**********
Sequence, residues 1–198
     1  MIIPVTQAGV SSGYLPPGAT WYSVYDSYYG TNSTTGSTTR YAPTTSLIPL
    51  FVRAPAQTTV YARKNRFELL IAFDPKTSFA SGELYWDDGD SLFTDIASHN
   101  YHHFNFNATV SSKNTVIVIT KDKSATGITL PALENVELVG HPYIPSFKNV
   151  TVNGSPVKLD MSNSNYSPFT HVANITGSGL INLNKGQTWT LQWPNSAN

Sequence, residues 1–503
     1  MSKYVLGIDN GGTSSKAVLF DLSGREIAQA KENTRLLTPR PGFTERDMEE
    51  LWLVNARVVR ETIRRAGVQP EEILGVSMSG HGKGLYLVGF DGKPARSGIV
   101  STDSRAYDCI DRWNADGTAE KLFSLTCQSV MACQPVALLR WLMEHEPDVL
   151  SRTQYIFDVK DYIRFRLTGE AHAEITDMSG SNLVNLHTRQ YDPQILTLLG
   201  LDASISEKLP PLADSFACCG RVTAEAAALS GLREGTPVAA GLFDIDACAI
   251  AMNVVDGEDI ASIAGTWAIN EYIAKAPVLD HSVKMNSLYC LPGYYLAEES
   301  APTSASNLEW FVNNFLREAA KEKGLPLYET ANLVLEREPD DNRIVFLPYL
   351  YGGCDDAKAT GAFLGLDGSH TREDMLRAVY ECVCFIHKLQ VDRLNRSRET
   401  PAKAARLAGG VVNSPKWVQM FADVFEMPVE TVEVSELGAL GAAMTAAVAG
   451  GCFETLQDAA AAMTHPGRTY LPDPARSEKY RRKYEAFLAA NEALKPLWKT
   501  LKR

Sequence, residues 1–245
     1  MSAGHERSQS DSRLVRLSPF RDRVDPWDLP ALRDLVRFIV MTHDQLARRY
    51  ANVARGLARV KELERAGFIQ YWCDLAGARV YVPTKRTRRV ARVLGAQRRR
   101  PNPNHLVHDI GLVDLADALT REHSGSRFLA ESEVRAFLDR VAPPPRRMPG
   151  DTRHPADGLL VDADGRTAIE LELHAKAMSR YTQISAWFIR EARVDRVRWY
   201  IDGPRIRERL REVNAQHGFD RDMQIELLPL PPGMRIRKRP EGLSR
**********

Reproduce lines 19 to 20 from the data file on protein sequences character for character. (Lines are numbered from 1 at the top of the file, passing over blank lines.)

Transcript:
     1  MSAGHERSQS DSRLVRLSPF RDRVDPWDLP ALRDLVRFIV MTHDQLARRY
    51  ANVARGLARV KELERAGFIQ YWCDLAGARV YVPTKRTRRV ARVLGAQRRR